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High Schooler Suzy Weiss Skewers Ivy League Universities that Rejected Her (Video)

| by Michael Allen
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Suzy Weiss, a high school senior from Pittsburgh, Pennsylvania, recently wrote an op-ed in the Wall Street Journal that skewered the Ivy League universities that rejected her (video below).

Weiss has a 4.5 GPA, SAT score of 2120 and work experience as a U.S. Senate page, but was rejected by Princeton, Yale, Vanderbilt and the University of Pennsylvania.

In her article, Weiss suggested that her white skin, upper-middle class home and strong education actually worked against her.

"What could I have done differently over the past years?" Weiss wrote. "For starters, had I known two years ago what I know now, I would have gladly worn a headdress to school. Show me to any closet, and I would've happily come out of it."

Weiss regrets not going to summer camps in Africa to "scoop up some suffering child, take a few pictures, and write my essays about how spending that afternoon with Kinto changed my life."

Weiss also took some jabs at her parents: "As the youngest of four daughters, I noticed long ago that my parents gave up on parenting me. My parents also left me with a dearth of hobbies that make admissions committees salivate. I've never sat down at a piano, never plucked a violin."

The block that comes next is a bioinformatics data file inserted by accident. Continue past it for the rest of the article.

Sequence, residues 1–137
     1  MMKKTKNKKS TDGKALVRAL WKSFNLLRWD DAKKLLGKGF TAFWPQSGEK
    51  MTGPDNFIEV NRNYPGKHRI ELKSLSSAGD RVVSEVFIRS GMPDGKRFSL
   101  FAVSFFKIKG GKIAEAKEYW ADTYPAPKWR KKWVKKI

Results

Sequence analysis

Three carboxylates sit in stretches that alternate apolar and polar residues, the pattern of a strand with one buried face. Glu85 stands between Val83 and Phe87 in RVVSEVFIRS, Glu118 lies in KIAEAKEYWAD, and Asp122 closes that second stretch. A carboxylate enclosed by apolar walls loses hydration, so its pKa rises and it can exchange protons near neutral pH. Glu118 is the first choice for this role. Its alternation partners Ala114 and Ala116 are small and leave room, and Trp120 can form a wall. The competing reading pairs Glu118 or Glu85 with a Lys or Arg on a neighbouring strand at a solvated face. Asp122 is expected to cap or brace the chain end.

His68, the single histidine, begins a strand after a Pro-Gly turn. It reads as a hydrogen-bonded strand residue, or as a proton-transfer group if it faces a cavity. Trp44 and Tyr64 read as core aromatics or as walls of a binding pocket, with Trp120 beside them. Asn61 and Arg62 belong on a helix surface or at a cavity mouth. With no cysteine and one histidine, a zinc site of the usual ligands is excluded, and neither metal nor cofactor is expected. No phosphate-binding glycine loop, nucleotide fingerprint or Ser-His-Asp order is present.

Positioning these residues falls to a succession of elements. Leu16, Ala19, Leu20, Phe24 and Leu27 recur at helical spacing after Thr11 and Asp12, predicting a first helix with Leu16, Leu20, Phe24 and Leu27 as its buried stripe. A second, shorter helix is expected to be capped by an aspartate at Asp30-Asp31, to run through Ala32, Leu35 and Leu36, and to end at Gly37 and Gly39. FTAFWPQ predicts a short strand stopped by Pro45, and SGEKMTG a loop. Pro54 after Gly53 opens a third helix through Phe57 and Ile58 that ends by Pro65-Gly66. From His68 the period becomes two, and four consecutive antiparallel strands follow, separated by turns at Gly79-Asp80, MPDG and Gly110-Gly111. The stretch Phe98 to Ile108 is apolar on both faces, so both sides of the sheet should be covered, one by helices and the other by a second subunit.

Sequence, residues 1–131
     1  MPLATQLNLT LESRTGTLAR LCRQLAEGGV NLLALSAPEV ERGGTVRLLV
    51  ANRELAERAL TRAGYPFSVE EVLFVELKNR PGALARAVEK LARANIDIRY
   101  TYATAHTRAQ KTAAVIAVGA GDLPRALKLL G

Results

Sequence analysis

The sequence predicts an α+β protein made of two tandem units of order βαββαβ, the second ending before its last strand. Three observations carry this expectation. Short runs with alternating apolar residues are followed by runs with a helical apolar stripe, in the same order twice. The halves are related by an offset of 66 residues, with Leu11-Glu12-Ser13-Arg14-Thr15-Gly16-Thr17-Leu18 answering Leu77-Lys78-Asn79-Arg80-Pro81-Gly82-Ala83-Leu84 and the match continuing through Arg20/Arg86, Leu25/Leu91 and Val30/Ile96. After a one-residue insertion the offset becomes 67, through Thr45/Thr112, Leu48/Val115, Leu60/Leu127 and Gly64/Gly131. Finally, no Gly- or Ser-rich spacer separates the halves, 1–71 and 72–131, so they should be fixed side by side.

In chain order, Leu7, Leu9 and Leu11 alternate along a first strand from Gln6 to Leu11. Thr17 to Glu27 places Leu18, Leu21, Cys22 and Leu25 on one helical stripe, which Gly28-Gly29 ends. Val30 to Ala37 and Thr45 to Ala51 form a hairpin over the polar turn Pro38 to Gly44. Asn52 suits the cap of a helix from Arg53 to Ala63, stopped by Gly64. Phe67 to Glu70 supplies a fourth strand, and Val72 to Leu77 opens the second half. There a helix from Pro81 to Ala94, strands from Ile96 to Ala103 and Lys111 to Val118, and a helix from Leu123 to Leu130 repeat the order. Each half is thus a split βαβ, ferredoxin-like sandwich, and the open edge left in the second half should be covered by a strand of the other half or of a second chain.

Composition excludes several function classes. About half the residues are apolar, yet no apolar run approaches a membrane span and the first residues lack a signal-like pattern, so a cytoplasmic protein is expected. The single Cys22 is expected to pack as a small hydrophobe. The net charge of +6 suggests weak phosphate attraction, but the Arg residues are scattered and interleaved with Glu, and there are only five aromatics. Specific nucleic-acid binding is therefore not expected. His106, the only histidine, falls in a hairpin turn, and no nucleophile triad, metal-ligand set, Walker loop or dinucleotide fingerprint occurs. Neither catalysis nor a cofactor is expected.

The article outraged many, who accused Weiss of being spoiled and racist.

"It was a joke," Weiss claimed on the 'Today' show on Thursday. "It's a satire. That's the point. Just like '30 Rock' is a satire, which pokes fun at things that are politically correct. That's what I was trying to do."

After being rejected by the colleges, Weiss called her sister, a former assistant editor of the op-ed section at the Wall Street Journal, who said she should write the article.

Ironically, the article has led to offers of jobs and internships, Weiss said.

Even though she claimed she was joking earlier, Weiss told Today: "In this day and age, we’re being judged on things that we cannot control as opposed to things that we can."

"I've done a ton of volunteer work, and let me tell you, it wasn't just to get into college. But I do think there's a lot of resume padding going on right now, just to get into these amazing schools."

Sources: Wall Street Journal and Today